Big Box Education

There is a burning local topic in Chicago that begs for further debate — even on a national level. Who would have thought our City Council could have spawned such argument — both pro and con — when it passed a Big Box Ordinance July 26. But it did, and the battle of words rages on. I don't know which side I'm on.

The Big Box Ordinance was born after a decisive vote of 35-14. The vote decided that next July employees will receive a minimum of $9.25/hr in wages and $1.50 in fringe benefits at stores occupying at least 90,000 sq ft of space with annual sales of $1 billion or more. By 2010, wages and benefits would rise to $10 and $3, respectively. There also will be annual cost-of-living increases.

After the vote, unions declared victory and television news broadcast cheering supporters who felt they finally landed an effective punch to the guts of retail giants the likes of Wal-Mart (which was seeking to build two stores within city limits), Target, Loews, Home Depot, etc.

Council aldermen were bullish on their achievement, citing the vote would be copied around the country in favor of helping people who work at these retailers. I've never seen Chicago aldermen appear so caring about their constituents! Who would have thought Wal-Mart could have inspired such godliness!

What may have been brushed under the rug is that our aldermen also voted a pay raise for themselves, lifting annual salaries to $98,125. Wouldn't it have been cute if they had not voted for the Big Box minimum wage increase?

Now weeks past the vote and several threats on the part of Mayor Richard Daley to veto the ordinance, some aldermen are rethinking their stance as being unfriendly to big business. Some argue that while the super retailers have threatened to pull plans for building in the city, it's not likely they'll walk away from such a large market. But there are other issues at hand.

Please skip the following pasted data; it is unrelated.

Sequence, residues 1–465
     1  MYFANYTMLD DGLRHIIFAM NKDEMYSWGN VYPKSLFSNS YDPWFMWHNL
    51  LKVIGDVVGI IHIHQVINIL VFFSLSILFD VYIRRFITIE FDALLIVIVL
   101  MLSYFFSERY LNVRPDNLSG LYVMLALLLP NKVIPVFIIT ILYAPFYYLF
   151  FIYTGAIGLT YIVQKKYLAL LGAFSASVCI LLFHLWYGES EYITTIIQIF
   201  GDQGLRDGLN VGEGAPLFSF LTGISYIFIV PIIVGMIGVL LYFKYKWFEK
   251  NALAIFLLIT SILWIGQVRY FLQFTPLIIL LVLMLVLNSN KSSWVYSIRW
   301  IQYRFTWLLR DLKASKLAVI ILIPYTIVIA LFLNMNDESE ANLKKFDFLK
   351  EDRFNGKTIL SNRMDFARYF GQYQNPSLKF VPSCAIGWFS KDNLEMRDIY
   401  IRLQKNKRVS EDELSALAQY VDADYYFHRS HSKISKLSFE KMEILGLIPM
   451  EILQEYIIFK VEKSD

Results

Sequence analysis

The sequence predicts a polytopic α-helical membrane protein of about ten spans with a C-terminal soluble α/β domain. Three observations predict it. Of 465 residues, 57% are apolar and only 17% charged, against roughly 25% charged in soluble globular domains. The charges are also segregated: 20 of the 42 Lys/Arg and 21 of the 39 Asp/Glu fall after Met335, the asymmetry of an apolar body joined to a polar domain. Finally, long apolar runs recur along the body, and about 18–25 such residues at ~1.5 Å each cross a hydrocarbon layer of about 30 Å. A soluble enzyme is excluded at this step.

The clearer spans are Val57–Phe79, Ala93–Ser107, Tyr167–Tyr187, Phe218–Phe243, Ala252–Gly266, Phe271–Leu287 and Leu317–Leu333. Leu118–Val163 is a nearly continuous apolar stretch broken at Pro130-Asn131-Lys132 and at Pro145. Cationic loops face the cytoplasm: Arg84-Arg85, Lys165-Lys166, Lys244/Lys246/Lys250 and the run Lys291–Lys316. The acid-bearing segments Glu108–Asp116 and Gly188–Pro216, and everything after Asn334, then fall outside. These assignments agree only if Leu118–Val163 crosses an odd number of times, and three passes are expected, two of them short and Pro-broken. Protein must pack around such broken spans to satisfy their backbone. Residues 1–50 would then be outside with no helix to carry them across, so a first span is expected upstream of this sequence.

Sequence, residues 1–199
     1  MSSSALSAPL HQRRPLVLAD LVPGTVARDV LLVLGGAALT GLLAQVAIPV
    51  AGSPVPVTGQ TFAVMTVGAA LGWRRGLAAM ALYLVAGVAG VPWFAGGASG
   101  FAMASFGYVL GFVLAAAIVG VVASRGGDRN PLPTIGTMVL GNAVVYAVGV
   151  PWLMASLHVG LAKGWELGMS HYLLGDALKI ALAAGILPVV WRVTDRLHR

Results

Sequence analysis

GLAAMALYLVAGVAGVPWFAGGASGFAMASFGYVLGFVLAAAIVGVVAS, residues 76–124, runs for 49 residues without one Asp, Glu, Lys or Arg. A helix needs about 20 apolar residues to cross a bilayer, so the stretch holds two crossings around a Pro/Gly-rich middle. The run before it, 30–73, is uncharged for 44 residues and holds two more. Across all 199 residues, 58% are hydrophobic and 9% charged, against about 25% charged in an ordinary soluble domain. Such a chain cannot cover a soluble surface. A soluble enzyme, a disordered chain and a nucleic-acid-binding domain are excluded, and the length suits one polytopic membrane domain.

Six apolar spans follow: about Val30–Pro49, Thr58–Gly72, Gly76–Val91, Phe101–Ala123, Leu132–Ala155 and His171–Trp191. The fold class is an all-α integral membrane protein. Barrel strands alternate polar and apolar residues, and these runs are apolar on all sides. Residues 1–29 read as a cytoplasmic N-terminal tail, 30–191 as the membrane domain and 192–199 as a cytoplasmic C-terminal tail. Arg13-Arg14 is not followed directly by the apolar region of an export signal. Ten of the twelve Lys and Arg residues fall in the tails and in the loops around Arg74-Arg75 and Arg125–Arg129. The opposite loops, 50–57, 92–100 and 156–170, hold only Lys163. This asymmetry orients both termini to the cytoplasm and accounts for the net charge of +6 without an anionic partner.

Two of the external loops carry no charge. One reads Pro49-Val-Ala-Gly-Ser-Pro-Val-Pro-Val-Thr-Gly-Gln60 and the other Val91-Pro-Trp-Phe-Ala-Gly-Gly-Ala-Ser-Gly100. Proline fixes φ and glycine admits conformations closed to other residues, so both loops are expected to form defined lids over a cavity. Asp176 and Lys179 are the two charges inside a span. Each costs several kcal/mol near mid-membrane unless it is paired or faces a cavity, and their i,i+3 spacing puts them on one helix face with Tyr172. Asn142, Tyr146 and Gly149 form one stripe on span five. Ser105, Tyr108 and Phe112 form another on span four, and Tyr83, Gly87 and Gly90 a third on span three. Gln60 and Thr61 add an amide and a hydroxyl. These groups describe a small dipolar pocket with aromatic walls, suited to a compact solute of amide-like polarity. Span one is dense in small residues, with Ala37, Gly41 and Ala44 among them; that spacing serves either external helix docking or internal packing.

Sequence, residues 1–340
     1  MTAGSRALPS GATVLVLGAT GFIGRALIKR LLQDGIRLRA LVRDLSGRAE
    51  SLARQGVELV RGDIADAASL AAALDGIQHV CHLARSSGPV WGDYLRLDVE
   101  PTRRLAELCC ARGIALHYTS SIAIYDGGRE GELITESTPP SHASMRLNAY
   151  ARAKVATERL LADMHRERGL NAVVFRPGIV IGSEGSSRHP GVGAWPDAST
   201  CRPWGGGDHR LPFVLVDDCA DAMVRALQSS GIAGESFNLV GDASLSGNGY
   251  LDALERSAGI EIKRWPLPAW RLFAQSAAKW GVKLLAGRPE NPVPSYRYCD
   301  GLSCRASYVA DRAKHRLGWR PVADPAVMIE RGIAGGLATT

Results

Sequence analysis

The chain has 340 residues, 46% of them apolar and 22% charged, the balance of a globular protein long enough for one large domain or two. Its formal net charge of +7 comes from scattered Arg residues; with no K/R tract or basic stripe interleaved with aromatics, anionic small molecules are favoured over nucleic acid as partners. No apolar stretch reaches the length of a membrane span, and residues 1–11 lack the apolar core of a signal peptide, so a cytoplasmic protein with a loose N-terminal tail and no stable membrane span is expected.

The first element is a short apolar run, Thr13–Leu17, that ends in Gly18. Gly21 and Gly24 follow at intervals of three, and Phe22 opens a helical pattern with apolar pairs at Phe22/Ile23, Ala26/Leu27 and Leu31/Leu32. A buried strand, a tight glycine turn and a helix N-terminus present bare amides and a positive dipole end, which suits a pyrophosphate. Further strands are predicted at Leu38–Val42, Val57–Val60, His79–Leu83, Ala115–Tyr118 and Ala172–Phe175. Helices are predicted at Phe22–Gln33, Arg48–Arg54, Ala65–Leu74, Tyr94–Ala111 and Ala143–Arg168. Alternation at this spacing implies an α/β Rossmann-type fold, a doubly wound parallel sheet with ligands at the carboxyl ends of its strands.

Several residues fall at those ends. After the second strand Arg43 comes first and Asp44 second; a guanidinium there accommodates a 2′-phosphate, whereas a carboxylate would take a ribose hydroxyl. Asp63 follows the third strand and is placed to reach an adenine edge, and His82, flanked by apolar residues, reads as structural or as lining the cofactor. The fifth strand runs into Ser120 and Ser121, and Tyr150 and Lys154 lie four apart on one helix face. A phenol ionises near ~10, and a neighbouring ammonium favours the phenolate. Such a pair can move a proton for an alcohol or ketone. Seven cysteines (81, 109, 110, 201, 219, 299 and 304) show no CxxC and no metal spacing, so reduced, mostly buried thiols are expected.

Why stop with Big Box retailers? It's been suggested stores the size of individual McDonald's could be affected by ordinances like this one. Another issue is appropriate pay for low-skilled labor. Perhaps ordinances that protect citizens from low-paying jobs with adequate education and training might serve a better purpose. In the August 5 edition of the Chicago Tribune, Robert Kaestner, professor at the Univ. of Illinois, wrote, “These firms employ a small percentage of the workforce and cannot be expected to educate and train a large portion of the workforce. That is the government's job….” He might have something there.

On a very sad note, PFFC's long-time contributor Robert W. Marsh passed away at age 82 on June 29 after suffering for a short period of time with a resistant form of pneumonia.

Bob was a veteran of WWII, where he served in the OSS earning the rank of technical sergeant. He was employed 23 years by Atlas Chemical, which became ICI Americas, as a marketing communications manager. Bob later became executive director of the Assn. of Industrial Metallizers, Coaters and Laminators, where I met him and we enjoyed a long friendship. Upon retiring from his duties at AIMCAL, he joined the contributing staff of PFFC in 1996, where he wrote special reports on coating, laminating, metallizing, and the economy.

Bob will be remembered for his strong booming voice that could bring any noisy room to quick order. But he endeared himself to many for his willingness to share his time and knowledge. He and his wife Anne loved their dogs, and he always found time to share his favorite pets with those in need of kindness in a pet therapy program. He will be missed.

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